OSHA

Originally Posted By: al
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I was just confronted by an OSHA inspector and he said I as a home inspector because I am incorporated I need to meet the 10 hour requirement,has anyone heard of this


Originally Posted By: jjudy
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What were you inspecting that OSHA would be involved?


Originally Posted By: al
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its not what i was inspecting they say you need to meet there 10 hour training like any other company ,be a factory forklift driver or a machine operator


Originally Posted By: ekartal
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Maybe he thinks your a tradesman. eusa_snooty.gif


Erol K.


Originally Posted By: jfarsetta
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Tell him to pound salt. OSHA is a federal organization. The only federal standards or requirements for the HI pertains to HUD inspections. Incorporation is a state and federal designation. It has to do with financials, taxes, and liability. Hand him a quarter and tell him to buy a cup of reality. icon_wink.gif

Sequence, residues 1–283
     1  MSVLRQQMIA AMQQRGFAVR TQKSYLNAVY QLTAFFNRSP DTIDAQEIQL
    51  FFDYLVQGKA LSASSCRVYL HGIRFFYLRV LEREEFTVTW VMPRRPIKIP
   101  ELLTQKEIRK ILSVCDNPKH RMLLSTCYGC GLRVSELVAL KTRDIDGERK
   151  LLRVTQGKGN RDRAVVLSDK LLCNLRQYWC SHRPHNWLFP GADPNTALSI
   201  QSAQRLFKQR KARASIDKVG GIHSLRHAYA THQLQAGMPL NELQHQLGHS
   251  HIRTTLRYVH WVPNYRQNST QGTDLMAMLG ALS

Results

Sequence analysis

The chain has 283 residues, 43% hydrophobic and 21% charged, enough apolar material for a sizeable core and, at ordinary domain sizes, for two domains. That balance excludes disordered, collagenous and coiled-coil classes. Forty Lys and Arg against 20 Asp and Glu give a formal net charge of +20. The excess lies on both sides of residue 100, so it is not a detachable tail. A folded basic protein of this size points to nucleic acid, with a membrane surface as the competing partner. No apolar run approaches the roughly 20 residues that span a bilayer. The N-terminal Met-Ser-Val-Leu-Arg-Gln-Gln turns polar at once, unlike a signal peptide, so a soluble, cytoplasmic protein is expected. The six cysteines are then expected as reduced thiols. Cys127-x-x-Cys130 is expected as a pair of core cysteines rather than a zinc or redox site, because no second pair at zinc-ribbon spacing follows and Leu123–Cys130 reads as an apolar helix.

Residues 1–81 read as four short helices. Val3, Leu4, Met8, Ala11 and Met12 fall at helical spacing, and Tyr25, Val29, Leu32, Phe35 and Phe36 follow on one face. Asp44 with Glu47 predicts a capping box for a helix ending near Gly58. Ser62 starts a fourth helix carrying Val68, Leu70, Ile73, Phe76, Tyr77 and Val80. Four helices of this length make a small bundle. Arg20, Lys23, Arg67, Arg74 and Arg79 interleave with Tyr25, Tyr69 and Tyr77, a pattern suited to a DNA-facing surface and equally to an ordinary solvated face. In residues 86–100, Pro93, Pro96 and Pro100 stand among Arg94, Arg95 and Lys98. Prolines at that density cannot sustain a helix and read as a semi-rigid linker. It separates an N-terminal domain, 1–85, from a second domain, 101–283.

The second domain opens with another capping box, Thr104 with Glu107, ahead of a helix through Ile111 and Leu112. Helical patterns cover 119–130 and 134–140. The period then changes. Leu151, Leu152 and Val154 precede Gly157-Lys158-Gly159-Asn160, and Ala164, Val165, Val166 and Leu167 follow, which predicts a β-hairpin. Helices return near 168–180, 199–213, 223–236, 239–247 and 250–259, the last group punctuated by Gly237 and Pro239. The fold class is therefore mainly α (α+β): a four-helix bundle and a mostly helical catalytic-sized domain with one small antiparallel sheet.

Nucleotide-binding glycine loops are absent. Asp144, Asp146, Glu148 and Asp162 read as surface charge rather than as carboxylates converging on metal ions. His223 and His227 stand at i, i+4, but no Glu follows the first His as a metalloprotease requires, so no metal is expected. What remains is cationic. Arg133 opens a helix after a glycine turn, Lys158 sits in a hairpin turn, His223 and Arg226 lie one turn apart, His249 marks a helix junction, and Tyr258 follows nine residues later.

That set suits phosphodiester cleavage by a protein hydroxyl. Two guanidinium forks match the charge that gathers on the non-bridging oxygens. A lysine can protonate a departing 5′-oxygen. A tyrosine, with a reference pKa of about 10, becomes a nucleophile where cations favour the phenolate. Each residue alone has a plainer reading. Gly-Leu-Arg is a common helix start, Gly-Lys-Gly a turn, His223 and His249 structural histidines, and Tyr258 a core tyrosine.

Sheesh!!!


--
Joe Farsetta

Illigitimi Non Carborundum
"Dont let the bastards grind you down..."

Originally Posted By: rbracklow
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Well Guys, guess what??


The OSHA Inspector is correct!! This is a valid situation, and unfortunately, most of us do not keep up with the OSHA rules & regs. The 10 hour Exam is a OSHA requirement, whether we like it or not!!

In our business there are a number of OSHA related items that we need to be aware of, such as;

1. Confined spaces (crawl spaces)
2. Electrical safety.
3. Hazard Communication.
4. Personal Protective Equipment.
5. Flammable & Combustion Liquids.
5. Walking-Working surfaces (slips, trips & falls).
6. Hand & Portable Powered Tools.
7. Etc.

These are just some of the listed safety items that we need to be aware of. If we find ourselves in violation of any of these and are cited, the second time that we are caught for an infraction, we can be fined for up to $70,000.00. And, OSHA does enforce this!! I know, I've seen this happen too many times during my Construction Management & Inspection periods.

Ron.


--
The highest compliment my clients can give me, is the referral of their Friends, Family and Business Associates!